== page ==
M.S. Bawaskar1, S.K. Sahatpure2, V.U. Takle, S.V. Upadhye and G.R. Bhojne
1Assistant Professor, 2Associate Professor & I/c; Department of Animal Reproduction Gynaecology and Obstetrics,
Nagpur Veterinary College, Maharashtra Animal and Fishery Sciences University, Nagpur, Maharashtra.
[Received: 11.5.2018; Accepted: 05.3.2019]
A three year old German shepherd bitch was presented with the history of abnormal foul smell brownish vaginal
discharge, four days after the initiation of normal whelping. Complete clinical evaluation was done and observed
normal body temperature with normal pulse rate without any signs of septicemia or toxemia. Bitch was in first parity
with completed gestation period of 63 days after the second mating. Three dead puppies were delivered by the bitch
before 2 days and since then there was no progress observed during the whelping. Per vaginal examination revealed
foetal bones in the birth canal but the birth canal was not fully dilated. The radiograph revealed intrauterine fetal bones
in the birth canal. Therapeutic treatment was carried out to dilate birth canal for expulsion of the foetal masses. After
the treatment female dog showed a drastic response to the treatment therapy and four fetal masses were removed per
vaginally by slight traction with proper lubrication. X-ray imaging of pelvic region was done to ensure the complete
evacuation of the uterus from foetal bones.
Keywords: Bitch, Macerated fetus, Maceration, Traction.
In domestic animals, pregnancy loss may occur at any stage of gestation (Serin & Parin, 2009). The loss may be associated with expulsion of the dead foetus before term (abortion) or of a fully developed, but dead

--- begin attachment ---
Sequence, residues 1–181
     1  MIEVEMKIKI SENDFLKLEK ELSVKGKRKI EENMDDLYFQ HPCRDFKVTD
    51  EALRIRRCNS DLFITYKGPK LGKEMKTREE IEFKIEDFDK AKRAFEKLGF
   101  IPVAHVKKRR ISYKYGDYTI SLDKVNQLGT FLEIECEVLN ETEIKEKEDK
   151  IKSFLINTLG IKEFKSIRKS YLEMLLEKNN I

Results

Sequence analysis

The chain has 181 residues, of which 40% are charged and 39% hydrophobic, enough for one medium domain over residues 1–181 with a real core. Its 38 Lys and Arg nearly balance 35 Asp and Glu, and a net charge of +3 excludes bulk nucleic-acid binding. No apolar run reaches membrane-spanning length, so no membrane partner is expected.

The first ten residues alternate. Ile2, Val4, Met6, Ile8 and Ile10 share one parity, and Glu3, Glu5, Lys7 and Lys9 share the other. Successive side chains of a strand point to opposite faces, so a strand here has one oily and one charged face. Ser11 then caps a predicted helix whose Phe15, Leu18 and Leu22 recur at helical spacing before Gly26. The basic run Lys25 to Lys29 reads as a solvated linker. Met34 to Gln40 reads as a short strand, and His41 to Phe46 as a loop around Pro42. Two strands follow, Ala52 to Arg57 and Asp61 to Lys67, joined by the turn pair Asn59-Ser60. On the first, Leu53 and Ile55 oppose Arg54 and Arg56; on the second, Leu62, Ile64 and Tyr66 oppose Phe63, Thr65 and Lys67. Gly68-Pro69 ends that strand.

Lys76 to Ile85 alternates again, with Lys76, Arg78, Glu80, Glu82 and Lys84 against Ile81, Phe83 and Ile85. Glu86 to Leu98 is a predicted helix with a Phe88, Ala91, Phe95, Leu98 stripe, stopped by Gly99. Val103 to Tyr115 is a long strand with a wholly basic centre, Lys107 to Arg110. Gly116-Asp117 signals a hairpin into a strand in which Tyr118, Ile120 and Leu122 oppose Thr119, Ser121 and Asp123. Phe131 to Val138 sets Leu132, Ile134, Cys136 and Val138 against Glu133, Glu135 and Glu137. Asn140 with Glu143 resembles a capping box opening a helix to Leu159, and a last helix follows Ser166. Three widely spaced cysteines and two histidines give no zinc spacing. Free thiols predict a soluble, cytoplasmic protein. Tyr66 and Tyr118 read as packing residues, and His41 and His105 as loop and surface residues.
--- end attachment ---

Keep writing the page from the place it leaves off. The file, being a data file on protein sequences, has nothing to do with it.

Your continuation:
fetus at term (stillbirth). Sometimes, there is the failure of an aborting foetus to be expelled due perhaps to uterine inertia and intrauterine infections resulting in foetal emphysema and maceration (Johnston et al., 2001).
The cervix and uterus is partially or completely open during abortion; consequently, bacteria or other contagions
can easily enter through the vagina to uterine lumen. After bacterial contamination has occurred, fetal emphysema begins within 24- 48 hours and, maceration occurs within 3-4 days (Bhattacharyya et al., 2015). Although
maceration of the foetus can occur in any species, it is observed and described most frequently in cattle. The incidence is quite low in bitches (Alaçam and Doğaneli, 1973). The present case reports a rare foetal maceration in German Shepherd bitch and its successful per vaginal delivery and therapeutic management.
Case History and Observations
A three year old German shepherd bitch weighing about 27 kg was presented at Teaching Veterinary Clinical Complex,
Nagpur Veterinary College, Nagpur with the history of abnormal foul smell brownish vaginal discharge, 4 days after the initiation of normal whelping. Complete clinical evaluation was done. There were normal body temperature and pulse rate without any signs of septicemia or toxemia. Bitch was in first parity with completed gestation period of
63 days, after the second mating. Three dead puppies were delivered 2 days before by the bitch and since then there was no progress observed for the whelping. Per vaginal examination revealed presence of foetal bones in the birth canal, but the birth canal was not fully dilated. The decision was taken to take the radiograph and found intrauterine